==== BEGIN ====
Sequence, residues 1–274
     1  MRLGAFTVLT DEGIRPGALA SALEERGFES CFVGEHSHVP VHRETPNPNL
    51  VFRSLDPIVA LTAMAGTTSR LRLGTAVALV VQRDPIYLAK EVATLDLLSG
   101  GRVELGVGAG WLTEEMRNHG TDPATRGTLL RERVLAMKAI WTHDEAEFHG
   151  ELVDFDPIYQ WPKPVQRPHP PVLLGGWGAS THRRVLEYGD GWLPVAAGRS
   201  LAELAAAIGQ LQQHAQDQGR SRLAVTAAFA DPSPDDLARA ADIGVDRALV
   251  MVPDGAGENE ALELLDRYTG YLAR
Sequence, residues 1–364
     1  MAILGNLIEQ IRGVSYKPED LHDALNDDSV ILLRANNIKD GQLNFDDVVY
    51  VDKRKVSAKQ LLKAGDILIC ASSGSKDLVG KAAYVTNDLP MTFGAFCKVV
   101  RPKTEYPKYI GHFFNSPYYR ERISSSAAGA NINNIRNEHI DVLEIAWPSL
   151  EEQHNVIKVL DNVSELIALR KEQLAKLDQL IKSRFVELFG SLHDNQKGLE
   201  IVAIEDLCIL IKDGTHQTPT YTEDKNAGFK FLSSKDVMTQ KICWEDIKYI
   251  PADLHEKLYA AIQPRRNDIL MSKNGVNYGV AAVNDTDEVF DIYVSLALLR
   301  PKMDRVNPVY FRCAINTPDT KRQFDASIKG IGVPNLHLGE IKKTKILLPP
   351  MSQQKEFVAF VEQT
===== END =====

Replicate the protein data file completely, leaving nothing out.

Sequence, residues 1–274
     1  MRLGAFTVLT DEGIRPGALA SALEERGFES CFVGEHSHVP VHRETPNPNL
    51  VFRSLDPIVA LTAMAGTTSR LRLGTAVALV VQRDPIYLAK EVATLDLLSG
   101  GRVELGVGAG WLTEEMRNHG TDPATRGTLL RERVLAMKAI WTHDEAEFHG
   151  ELVDFDPIYQ WPKPVQRPHP PVLLGGWGAS THRRVLEYGD GWLPVAAGRS
   201  LAELAAAIGQ LQQHAQDQGR SRLAVTAAFA DPSPDDLARA ADIGVDRALV
   251  MVPDGAGENE ALELLDRYTG YLAR
Sequence, residues 1–364
     1  MAILGNLIEQ IRGVSYKPED LHDALNDDSV ILLRANNIKD GQLNFDDVVY
    51  VDKRKVSAKQ LLKAGDILIC ASSGSKDLVG KAAYVTNDLP MTFGAFCKVV
   101  RPKTEYPKYI GHFFNSPYYR ERISSSAAGA NINNIRNEHI DVLEIAWPSL
   151  EEQHNVIKVL DNVSELIALR KEQLAKLDQL IKSRFVELFG SLHDNQKGLE
   201  IVAIEDLCIL IKDGTHQTPT YTEDKNAGFK FLSSKDVMTQ KICWEDIKYI
   251  PADLHEKLYA AIQPRRNDIL MSKNGVNYGV AAVNDTDEVF DIYVSLALLR
   301  PKMDRVNPVY FRCAINTPDT KRQFDASIKG IGVPNLHLGE IKKTKILLPP
   351  MSQQKEFVAF VEQT